Guarded Words: Writing from Prison: England, France, Russia by Eric de Bellaigue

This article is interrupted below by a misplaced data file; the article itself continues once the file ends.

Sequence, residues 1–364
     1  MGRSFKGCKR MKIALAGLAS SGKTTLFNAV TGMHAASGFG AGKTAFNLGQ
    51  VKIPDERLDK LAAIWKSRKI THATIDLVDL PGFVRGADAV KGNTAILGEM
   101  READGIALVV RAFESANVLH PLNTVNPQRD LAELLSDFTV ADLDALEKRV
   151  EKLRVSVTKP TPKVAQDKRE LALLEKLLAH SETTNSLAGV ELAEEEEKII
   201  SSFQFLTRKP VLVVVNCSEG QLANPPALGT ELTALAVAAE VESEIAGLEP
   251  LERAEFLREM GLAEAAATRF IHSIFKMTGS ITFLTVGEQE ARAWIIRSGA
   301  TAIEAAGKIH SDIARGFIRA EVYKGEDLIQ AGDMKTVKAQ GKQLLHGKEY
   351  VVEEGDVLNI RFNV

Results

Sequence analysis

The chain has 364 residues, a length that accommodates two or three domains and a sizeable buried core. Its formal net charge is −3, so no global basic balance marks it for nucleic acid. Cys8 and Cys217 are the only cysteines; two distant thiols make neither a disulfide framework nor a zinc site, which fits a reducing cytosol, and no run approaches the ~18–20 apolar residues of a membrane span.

In Guarded Words Eric de Bellaigue has attempted to answer questions inspired by his reading of Isaac D'Israeli's short essay 'Imprisonment of Learned', from that author's Curiosities of Literature. He asks: 'Can prison writing lay claim to a distinctive chapter in histories of literature? Is there a thread linking prisoners' output across the centuries? Can confinement provide the ideal environment for literary creativity? Is there common ground among the subjects treated? Alternatively, does diversity ride rough-shod over the shared experiences of imprisonment?' The author's Preface explains the self-imposed restrictions that have determined his choice of writers and how the sequence of chapters has largely been governed by geography and chronology. The main sections of the book are: Incarceration in England; Incarceration in France; Incarceration in Russia; Convicted Murderers. Texts need to have been composed within the prisons themselves, and memoirs written after release have been excluded. With three exceptions the writings are in English or French with the year 1500 as a starting point. The writers who make their appearance here are a mixed bag. Where common ground is apparent it is at the personal level, notably in the causes of imprisonment which include: * For religious views: John Bunyan; Clement Marot; Anne Askew; Thomas More; John Hart. * For reasons of State: Walter Ralegh; William Prynne; Antoine Lavoisier; Madame Roland; Andre Chenier; Jean-Antoine Roucher; the Earl of Surrey; Charles I ; Richard Lovelace. * As victims of civil action: William Combe; Theodore von Neuhoff, King of Corsica; Mirabeau; Voltaire. * For Murder: Pierre Francois Lacenaire; William Chester Minor. * For dissidence in Russia: Alexander Solzhenitsyn; Lev Mishchenko ; Irina Ratushinskaya. An appendix, 'Snapshots of Prison Writing', provides short notes about each writer. There are also textual notes, a bibliography and an index. Illustrations: approximately 30 b&w illustrations of writers and the places where they were incarcerated.